Barbarian Hall of Fame: Odoacer

Odoacer (c.433 – 15 March 493) deposed the last emperor of the western Roman Empire and became the first barbarian king of Italy. Like many barbarian warriors, Odoacer had found employment with the remnants of the Roman army under the command of Orestes, the ‘master of soldiers’. But when Orestes appointed his son, Romulus Augustulus, emperor and refused reward for his men, Odoacer killed Orestes and deposed Romulus. But so powerless had the emperor become that Odoacer let Romulus live, giving him a pension and a long retirement with his relatives. The Roman Empire in the West was finished: the barbarians had won.

Barbarian Hall of Fame: Vercingetorix

Julius Caesar had all but completed the conquest of Gaul when Vercingetorix, leader of the Averni, led an uprising in 52 BC. He defeated Caesar at the Battle of Gergovia but was later forced to retreat to his stronghold at Alesia. When attempts to lift the siege failed, Vercingetorix surrendered to Caesar, so that he could save as many of his own men as possible. Julius, with his eye on publicity, kept Vercingetorix captive for five years so that he could appear in Caesar’s triumph in Rome. Having served to bolster Caesar’s fame, Vercingetorix was strangled a few days later.

Barbarian Hall of Fame: Brennus

Brennus (born 4th century BC, died after 387 BC) did what it would take barbarian warlords nearly another 800 years to repeat: take Rome. A Roman army met the Gauls eleven miles north of the city in July 387 BC – and was annhilated. The panicked citizens fled, leaving only the Capitoline Hill defended, and the Gauls sacked Rome. Brennus and his men beseiged the Capitoline for seven months: the defenders were only alerted to one night-time assault by the honking of the sacred geese in the temple of Juno. In the end, the Romans bought Brennus off with a thousand pounds of gold but when the Romans weighed out the gold to save their city, they found the wily barbarian had brought fixed weights to the weighing and Brennus threw his own sword onto the scales, famously saying, “Vae victis!” (“Woe to the conquered!”).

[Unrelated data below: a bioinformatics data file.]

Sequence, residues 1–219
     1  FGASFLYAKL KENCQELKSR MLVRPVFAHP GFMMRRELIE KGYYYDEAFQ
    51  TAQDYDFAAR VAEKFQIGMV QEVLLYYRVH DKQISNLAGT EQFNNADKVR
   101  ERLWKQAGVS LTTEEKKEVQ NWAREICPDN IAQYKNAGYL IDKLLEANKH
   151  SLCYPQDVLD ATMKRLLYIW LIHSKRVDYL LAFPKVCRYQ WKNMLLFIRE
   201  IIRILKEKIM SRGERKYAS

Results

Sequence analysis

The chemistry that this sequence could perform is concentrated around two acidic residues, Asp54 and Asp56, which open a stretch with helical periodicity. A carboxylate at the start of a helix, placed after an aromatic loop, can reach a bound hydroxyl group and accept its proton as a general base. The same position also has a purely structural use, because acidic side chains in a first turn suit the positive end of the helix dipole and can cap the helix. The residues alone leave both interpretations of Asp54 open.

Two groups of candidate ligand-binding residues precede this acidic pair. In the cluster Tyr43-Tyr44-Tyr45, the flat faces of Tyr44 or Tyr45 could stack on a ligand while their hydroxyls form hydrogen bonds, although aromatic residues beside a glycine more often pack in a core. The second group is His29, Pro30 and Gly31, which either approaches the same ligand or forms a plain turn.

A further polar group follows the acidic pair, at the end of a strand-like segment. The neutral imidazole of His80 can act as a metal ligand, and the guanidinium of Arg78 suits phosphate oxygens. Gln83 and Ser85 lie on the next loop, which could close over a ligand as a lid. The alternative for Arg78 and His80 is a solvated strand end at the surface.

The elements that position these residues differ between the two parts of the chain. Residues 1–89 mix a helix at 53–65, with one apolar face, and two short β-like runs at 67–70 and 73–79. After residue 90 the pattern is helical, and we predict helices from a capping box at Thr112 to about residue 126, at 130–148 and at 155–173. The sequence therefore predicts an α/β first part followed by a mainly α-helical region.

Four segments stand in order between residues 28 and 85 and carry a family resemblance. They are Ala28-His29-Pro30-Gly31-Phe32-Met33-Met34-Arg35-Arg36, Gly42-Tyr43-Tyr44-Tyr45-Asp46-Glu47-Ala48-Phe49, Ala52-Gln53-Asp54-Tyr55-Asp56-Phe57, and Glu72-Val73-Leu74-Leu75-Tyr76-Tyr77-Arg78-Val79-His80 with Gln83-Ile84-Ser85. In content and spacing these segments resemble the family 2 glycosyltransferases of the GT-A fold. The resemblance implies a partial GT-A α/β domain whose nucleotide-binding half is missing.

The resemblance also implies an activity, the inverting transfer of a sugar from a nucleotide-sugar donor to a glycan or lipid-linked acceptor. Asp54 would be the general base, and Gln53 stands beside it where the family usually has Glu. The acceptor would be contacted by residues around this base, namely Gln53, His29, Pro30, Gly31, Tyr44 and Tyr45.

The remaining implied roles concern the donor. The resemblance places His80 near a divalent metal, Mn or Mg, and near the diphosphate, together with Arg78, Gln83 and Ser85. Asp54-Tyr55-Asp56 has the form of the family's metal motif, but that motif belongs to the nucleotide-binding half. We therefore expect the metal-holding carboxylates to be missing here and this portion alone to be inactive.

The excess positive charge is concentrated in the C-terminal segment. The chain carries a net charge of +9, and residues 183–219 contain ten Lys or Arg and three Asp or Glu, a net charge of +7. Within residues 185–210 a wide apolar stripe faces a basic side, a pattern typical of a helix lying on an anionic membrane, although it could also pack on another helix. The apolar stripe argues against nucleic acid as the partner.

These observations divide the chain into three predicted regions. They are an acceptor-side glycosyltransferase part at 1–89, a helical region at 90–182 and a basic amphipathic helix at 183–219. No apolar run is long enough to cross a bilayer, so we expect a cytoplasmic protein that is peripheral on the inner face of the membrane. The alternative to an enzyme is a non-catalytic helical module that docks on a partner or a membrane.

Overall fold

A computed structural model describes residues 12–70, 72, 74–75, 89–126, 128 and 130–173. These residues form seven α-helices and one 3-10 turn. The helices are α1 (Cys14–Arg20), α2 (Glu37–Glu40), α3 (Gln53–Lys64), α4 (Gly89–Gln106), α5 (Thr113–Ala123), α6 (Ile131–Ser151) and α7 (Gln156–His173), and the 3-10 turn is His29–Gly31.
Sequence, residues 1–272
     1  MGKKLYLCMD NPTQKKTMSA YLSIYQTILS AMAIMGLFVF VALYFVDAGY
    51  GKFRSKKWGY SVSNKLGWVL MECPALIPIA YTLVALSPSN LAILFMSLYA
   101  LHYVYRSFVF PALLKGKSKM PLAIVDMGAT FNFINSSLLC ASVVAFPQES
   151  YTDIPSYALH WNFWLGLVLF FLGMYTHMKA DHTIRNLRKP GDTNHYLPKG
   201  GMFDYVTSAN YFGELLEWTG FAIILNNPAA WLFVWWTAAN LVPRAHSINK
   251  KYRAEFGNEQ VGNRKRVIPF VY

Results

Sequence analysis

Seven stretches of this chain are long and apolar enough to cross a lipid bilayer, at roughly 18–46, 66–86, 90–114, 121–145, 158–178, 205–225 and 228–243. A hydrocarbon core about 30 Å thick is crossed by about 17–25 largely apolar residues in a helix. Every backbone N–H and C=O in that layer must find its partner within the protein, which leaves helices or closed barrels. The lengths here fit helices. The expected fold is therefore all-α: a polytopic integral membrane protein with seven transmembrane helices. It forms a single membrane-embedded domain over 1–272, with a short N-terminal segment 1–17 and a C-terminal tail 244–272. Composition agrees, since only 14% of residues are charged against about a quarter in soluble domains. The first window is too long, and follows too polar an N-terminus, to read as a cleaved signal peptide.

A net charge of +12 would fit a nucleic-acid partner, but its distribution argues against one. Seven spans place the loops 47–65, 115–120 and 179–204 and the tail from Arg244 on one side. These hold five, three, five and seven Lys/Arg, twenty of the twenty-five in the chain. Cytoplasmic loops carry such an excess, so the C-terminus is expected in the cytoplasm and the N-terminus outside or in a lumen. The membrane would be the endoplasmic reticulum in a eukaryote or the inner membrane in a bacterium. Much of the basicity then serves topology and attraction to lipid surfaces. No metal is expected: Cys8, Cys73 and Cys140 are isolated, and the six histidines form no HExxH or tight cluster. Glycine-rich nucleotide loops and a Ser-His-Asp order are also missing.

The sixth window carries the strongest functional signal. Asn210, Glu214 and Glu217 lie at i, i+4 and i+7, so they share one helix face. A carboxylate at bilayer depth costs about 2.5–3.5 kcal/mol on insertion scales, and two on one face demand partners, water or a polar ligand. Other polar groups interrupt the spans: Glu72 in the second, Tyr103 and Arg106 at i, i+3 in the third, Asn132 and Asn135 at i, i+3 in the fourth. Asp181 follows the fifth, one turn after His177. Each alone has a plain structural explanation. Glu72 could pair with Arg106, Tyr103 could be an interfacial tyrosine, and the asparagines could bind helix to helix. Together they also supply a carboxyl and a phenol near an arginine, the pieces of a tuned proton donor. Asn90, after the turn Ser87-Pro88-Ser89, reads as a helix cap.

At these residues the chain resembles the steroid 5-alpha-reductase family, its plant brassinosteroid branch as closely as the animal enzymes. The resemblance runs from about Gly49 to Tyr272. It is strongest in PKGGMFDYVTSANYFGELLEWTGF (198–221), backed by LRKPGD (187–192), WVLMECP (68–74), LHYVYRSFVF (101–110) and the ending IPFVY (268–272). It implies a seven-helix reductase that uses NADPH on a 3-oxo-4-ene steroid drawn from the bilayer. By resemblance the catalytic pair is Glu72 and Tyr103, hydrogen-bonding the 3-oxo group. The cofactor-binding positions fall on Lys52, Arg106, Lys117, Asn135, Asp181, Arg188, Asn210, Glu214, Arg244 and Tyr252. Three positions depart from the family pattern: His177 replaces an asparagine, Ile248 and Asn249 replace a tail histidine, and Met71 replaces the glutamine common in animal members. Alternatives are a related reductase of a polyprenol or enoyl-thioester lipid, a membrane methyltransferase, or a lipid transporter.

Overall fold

Barbarian Hall of Fame: Clovis

The reign of Clovis, the first king of the Franks, marks a decisive shift from barbarian warlords fighting over the last pickings of the Roman Empire to kings ruling new kingdoms. The father of Clovis, Childeric, was a pagan: his tomb contained a gold bull’s head and three hundred garnet-set gold bees. But Clovis, under the influence of his wife, Clotilde, converted to Catholicism, thus setting the religious template for his people. By this time, Clovis had already conquered and assimilated the smaller Frankish kingdoms and, in 486, he defeated the last representative of the waning Imperial power at the Battle of Soissons. Clovis was king but he had no interest in proclaiming himself emperor. Europe, with its patchwork of competing nations, was struggling towards birth.

Barbarian Hall of Fame: Attila the Hun

The most famous barbarian of them all never took Rome. First, Attila attacked the Eastern Empire, forcing it to pay annual tribute of 2,100lbs of gold. Having extracted all he could from the Eastern Empire, Attila needed a pretext to attack the Western Empire. In 450, the emperor’s sister provided it. Honoria had had an affair with her estate manager and become pregnant. The manager was executed and Honoria married off to an elderly senator. Determined to escape, Honoria sent a letter and her ring to Attila, asking his aid. Attila demanded half the Western Empire as dowry and invaded. The Roman general, Aetius, met Attila in battle at the Catalaunian Plains and forced him to withdraw. The Hun was beaten. But not defeated. In 452, Attila attacked Italy. An embassy, including Pope Leo I, went to meet him and, somehow, persuaded him to withdraw. In the end it was not battle that defeated Attila but his own body: taking yet another wife, he retired to bed after drinking an inordinate amount, only to be found dead the next morning, next to his hysterical bride.